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Rolin Jones

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May 4, 2003 | Mike Boehm, Times Staff Writer
Rolin Jones lives in a $400-a-month apartment above a noisy pub in New Haven, Conn. An unpleasant odor of baked potato often rises to his room, and many a night his floorboards throb with the bass line of Warren Zevon's pounding rock song "Lawyers, Guns and Money." But in his nascent career as a playwright, Jones has just landed in the penthouse, via the express elevator.
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ENTERTAINMENT
May 4, 2003 | Mike Boehm, Times Staff Writer
Rolin Jones lives in a $400-a-month apartment above a noisy pub in New Haven, Conn. An unpleasant odor of baked potato often rises to his room, and many a night his floorboards throb with the bass line of Warren Zevon's pounding rock song "Lawyers, Guns and Money." But in his nascent career as a playwright, Jones has just landed in the penthouse, via the express elevator.
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ENTERTAINMENT
March 24, 2003 | Mike Boehm
Readings of works in progress by Pulitzer Prize winner Donald Margulies ("Dinner With Friends") and Pulitzer finalists Amy Freed ("Freedomland") and Howard Korder ("Boy's Life") will highlight the sixth annual Pacific Playwrights Festival, May 16-18, at South Coast Repertory in Costa Mesa.
ENTERTAINMENT
January 24, 2003 | Mike Boehm
Rolin Jones, an unknown, L.A.-raised playwright who is still in graduate school, will get a prominent showcase as South Coast Repertory stages the world premiere of his "The Intelligent Design of Jenny Chow," May 2-18 on its Julianne Argyros Stage. The play concerns Jennifer Marcus, a 22-year-old genius who lives as a shut-in because of a psychological disorder. She reaches out to the world via the Internet, forging an alter-ego for herself as she searches for her Chinese birth mother.
ENTERTAINMENT
July 9, 2010 | By Yvonne Villarreal, Los Angeles Times
Sometimes a touchdown comes when the clock is winding down. After its fourth — and possibly final season — "Friday Night Lights" finally scored big on Emmy day. The series set against high school football scored four nominations Thursday, including major ones for Connie Britton and Kyle Chandler, who star as Dillon, Texas' all-star couple, for lead actress and lead actor in a drama. "This is not something we had been thinking about this year," Britton said. "I think it's more flattering because we were so used to not being nominated [in the major categories]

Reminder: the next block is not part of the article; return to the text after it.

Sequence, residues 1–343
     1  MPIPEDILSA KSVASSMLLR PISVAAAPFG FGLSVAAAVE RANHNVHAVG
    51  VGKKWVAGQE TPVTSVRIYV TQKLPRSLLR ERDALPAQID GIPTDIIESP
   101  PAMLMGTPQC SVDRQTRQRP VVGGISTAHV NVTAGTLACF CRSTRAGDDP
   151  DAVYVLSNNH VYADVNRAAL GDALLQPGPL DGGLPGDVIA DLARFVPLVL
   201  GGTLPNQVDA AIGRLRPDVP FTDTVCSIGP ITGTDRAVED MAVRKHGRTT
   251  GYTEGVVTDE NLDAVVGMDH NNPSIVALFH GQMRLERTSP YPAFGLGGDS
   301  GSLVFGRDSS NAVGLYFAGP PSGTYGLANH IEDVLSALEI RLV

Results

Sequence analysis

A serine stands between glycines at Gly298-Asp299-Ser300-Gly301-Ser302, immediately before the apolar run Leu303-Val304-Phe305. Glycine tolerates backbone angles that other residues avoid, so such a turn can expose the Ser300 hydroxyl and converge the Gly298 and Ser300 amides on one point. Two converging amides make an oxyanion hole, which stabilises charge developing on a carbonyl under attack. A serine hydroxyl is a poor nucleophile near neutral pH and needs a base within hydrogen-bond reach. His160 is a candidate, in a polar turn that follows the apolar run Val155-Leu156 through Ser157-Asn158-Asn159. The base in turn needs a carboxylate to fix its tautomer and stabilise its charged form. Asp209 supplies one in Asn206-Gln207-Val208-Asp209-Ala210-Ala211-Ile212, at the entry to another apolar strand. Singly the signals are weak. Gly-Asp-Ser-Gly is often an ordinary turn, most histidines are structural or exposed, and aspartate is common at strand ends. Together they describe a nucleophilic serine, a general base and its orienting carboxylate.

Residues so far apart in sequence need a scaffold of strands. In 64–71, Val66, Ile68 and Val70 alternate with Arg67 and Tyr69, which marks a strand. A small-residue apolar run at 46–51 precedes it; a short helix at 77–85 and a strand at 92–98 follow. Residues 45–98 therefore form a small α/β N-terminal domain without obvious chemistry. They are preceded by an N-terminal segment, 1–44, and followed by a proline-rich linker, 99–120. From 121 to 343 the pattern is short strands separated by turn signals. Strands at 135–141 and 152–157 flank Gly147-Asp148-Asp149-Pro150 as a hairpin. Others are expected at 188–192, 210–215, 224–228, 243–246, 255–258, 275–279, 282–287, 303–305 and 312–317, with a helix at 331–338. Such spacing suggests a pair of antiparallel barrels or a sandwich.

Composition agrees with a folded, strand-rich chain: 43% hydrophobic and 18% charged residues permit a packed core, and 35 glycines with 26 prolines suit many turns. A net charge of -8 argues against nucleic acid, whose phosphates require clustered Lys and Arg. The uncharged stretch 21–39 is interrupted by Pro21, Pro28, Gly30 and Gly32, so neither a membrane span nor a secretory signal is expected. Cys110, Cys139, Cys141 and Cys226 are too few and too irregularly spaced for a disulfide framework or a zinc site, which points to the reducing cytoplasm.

ENTERTAINMENT
May 5, 2003 | Don Shirley, Times Staff Writer
Jennifer Marcus sits alone in her Calabasas bedroom, typing and clicking. A 22-year-old wizard in cyberspace, she hardly ever goes anywhere else. Already an obsessive-compulsive, she has also become an agoraphobic. The image of a computerized recluse is a strikingly modern emblem, but can Jennifer carry a play? In theater, people interact with each other in a shared, tangible space. People like Jennifer would never venture into one.
NATIONAL
April 18, 2006 | Josh Getlin, Times Staff Writer
Geraldine Brooks' novel "March" won the 2006 Pulitzer Prize for fiction Monday, and the prize for biography went to "American Prometheus: The Triumph and Tragedy of J. Robert Oppenheimer" by historians Kai Bird and Martin J. Sherwin. These and other prize winners in Letters and Music, along with awards for news coverage, were announced by Columbia University. Brooks' second novel, published by Viking, tells the story of Mr.
NEWS
May 27, 2004 | Don Shirley, Times Staff Writer
Bigger isn't always better. But there is something exciting -- at least in the anticipation stage -- about tackling a two-part epic or a whole weekend of theater at one location, as Los Angeles theatergoers discovered during such landmark productions as "Nicholas Nickleby," "The Mahabharata," "The Kentucky Cycle" and "Angels in America." This summer, San Diego is the place to go for that kind of super-size experience.
ENTERTAINMENT
April 19, 2006 | Diane Haithman, Times Staff Writer
As journalists, novelists, photographers and poets toasted their winners of the 2006 Pulitzer Prizes, playwrights were left with empty champagne glasses Monday when it was announced that the Pulitzer board had selected no recipient in the drama category for the first time since 1997.
NEWS
May 1, 2003
MOVIES Better the second time Twenty-five years after putting down a book that was enthusiastically reviewed by the New York Times but that he couldn't get into, Mark Moskowitz tried to read it again and loved it. His search to track down copies of "The Stones of Summer," by then out of print, and its author, Dow Mossman, have resulted in "Stone Reader," a documentary unraveling a literary mystery. "Stone Reader," unrated, opens Friday exclusively at the Landmark Nuart, 11272 Santa Monica Blvd.
ENTERTAINMENT
July 9, 2010 | Mary McNamara, Los Angeles Times Television Critic
In the quiet moments, before all the post-Emmy magazine covers and self-congratulatory campaign literature starts piling up, it's important to remember that the Academy of Television Arts and Sciences is an institution. And like all institutions, it likes to send the world messages. Some of these have become fairly standard ("we love Tony Shalhoub!" "There will never be a competive reality show better than ' The Amazing Race'!") and some are more of the moment ("we can't pare this list down to five so we're going to make it six and if that also broadens the Emmy broadcast audience, that's cool too."
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